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Perth based Australian Centre for Geomechanics (ACG) presented the 10th International Seminar on Paste and Thickened Tailings (P&TT) in Perth, Western Australia. More than 260 local and international paste and thickened tailings practitioners, researchers and suppliers attended the event that was held at the Esplanade Hotel Fremantle.
Economic and environmental considerations and ‘risk minimisation’ preoccupations have seen industry prioritise mine residue disposal. The last few years have witnessed a growing interest in environmentally superior alternatives to conventional tailings storage facilities. Paste and thickened tailings provides an opportunity to reduce the potential risk of an unplanned release by reducing the volume of water reporting to the tailings storages and indeed to eliminate conventional water retention in tailings storage facilities. An increasing number of operations have now adopted P&TT and are thickening their tailings before disposal. In 1999, about three mining operations were actively using P&TT. Today more than 25 operations have embraced this technology worldwide.
Organised by the ACG Paste07 was an overwhelming success. The seminar equipped attendees with a comprehensive understanding and knowledge of paste and thickened tailings and provided a forum to question the ‘experts’.
Feedback indicated that the seminar succeeded in both the scope and depth of sessions, expositions presented, and in the dialogues, discussions and interest generated during the breaks.
The seminar was truly an international affair, with delegates from all over the world including South Africa, Canada, U.S.A., Chile, The Netherlands, Botswana, U.K., and Germany.
As Perth turned on its Autumn charm, the 260 industry practitioners, consultants, researchers and suppliers were given industry perspectives from Graham Ehm, regional head - Australia, AngloGold Ashanti Australia Ltd, and Gary Bentel, geotechnical manager, BHP Billiton. This was followed by a Keynote address on “Improving the Sustainability of Residue Management Practices” by David Cooling, residue manager, Alcoa World Alumina.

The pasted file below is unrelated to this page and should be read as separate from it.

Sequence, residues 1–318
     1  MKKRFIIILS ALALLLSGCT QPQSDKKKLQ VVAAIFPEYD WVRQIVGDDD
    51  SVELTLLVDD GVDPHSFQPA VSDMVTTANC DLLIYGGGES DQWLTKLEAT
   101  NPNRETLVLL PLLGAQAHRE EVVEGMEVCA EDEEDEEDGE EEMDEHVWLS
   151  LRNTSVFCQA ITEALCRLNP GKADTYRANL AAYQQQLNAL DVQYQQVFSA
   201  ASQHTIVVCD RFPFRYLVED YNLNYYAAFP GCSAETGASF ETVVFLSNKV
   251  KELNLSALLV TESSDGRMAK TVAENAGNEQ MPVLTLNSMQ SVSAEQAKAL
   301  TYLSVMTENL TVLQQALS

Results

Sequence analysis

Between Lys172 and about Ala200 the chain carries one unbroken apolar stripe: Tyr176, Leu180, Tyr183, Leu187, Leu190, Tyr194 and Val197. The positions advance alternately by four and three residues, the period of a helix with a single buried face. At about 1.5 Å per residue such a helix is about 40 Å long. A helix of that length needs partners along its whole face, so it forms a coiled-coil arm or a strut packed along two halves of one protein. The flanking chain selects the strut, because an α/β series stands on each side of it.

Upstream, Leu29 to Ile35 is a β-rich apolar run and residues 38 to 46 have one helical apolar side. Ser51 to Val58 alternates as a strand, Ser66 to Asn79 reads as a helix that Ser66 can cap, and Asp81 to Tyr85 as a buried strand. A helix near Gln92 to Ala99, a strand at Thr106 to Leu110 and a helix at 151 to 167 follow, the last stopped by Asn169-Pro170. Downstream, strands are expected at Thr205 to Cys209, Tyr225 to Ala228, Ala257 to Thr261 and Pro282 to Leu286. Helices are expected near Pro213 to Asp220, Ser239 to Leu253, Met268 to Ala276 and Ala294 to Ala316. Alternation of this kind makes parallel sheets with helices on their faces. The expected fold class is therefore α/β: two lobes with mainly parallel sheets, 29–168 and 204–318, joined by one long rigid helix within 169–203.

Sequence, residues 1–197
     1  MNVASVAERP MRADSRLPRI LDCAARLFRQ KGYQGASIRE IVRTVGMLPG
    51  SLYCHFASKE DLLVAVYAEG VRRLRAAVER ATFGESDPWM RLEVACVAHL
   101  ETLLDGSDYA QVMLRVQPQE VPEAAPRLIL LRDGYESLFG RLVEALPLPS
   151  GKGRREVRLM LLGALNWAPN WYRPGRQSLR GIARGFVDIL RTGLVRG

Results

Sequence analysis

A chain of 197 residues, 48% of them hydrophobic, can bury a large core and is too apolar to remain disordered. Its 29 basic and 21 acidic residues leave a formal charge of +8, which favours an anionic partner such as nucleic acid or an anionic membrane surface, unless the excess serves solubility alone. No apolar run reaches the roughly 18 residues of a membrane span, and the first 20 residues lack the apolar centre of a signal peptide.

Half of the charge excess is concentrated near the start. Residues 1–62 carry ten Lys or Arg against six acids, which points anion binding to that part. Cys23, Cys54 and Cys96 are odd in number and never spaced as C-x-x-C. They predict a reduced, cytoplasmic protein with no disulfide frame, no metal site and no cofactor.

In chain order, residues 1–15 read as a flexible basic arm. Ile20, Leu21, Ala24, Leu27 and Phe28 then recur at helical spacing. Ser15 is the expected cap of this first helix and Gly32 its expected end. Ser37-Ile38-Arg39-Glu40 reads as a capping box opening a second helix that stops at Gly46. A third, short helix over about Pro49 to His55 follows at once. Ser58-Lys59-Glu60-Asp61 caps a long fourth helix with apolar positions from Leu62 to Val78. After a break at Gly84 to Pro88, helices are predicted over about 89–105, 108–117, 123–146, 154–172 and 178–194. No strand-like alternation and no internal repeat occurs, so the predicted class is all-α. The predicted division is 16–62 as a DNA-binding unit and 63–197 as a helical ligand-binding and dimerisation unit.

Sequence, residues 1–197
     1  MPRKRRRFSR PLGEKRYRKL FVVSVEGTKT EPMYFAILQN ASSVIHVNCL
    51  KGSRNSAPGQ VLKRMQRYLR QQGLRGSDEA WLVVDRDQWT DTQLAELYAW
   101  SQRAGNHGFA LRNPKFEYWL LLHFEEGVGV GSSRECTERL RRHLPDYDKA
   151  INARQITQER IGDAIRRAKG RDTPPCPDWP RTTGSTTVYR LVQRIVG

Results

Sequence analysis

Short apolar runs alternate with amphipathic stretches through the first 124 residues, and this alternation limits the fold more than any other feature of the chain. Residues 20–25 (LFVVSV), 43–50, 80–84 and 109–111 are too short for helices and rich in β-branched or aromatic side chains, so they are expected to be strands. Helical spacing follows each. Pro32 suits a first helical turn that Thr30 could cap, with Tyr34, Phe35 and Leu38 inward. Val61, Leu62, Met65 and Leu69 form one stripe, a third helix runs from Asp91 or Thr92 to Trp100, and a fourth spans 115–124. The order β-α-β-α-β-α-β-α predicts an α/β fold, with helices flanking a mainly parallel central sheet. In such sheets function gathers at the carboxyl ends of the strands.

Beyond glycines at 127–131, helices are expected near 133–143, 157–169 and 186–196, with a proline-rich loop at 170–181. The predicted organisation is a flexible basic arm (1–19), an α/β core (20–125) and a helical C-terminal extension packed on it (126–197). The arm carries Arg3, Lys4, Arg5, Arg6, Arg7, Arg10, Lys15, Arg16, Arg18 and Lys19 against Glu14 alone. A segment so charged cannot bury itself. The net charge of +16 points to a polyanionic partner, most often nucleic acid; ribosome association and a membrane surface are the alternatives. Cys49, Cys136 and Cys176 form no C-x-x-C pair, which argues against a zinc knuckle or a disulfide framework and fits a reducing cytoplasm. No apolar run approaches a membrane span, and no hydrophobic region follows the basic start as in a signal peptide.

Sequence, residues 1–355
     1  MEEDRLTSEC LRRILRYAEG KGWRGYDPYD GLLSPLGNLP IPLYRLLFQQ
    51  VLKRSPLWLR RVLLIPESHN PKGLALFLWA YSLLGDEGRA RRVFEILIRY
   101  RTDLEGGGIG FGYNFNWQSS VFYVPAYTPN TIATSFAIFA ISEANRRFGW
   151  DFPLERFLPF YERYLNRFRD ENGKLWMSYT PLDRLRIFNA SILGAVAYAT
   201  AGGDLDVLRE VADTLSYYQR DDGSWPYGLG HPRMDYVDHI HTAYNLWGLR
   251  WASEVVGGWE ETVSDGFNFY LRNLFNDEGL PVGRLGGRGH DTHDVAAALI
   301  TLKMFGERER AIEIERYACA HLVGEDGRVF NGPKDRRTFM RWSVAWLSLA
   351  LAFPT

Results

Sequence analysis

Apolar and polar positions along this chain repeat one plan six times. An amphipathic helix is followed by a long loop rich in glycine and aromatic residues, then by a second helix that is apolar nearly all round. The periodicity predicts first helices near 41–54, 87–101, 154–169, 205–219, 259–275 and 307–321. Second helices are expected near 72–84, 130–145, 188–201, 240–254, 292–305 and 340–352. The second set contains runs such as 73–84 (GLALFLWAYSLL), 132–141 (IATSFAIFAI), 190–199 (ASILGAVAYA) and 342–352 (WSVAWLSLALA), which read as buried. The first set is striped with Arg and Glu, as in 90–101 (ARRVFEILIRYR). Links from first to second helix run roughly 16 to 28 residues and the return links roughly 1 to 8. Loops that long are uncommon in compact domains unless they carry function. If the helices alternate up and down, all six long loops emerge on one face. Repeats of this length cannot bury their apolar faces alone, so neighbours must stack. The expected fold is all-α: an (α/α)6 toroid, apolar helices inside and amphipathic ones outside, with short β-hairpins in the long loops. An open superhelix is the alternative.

The first day then examined the challenges of thickening tailings for deposition and included presentations from leading suppliers and consultancies including Outokumpu Technology and Paterson and Cooke Consulting Engineers, South Africa. Paste technology has the potential to generate enormous benefits and reduced risks in the key areas of mine safety, and environmental and production costs. A sound understanding of the composition, transportation and deposition of mine tailings is crucial for each operation’s unique disposal and storage facility.
The afternoon session focussed on state-of-the-art paste backfill applications in the mining industry.
Lionel Pullum opened day two of the seminar with a Keynote address reviewing the various hydraulic transport methods applicable to high concentration suspensions like paste and backfill materials. Pullum noted that increasing environmental and economic pressures on tailings disposal will see more high concentration disposal becoming commonplace in industry. “A greater understanding of these materials will require more detailed studies of the flow behaviour of the more representative pastes and the development of suitable instrumentation to monitor them”. Pullum also said that “pumps will need to be improved if they are to efficiently place these materials underground”.